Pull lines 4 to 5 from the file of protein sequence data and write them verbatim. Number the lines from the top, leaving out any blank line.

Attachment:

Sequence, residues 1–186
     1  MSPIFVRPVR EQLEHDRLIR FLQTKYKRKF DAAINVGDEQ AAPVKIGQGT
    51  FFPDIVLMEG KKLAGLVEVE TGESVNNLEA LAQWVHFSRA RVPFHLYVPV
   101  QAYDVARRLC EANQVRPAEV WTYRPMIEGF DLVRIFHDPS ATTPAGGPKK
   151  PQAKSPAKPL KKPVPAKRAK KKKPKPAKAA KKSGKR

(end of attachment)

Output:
   101  QAYDVARRLC EANQVRPAEV WTYRPMIEGF DLVRIFHDPS ATTPAGGPKK
   151  PQAKSPAKPL KKPVPAKRAK KKKPKPAKAA KKSGKR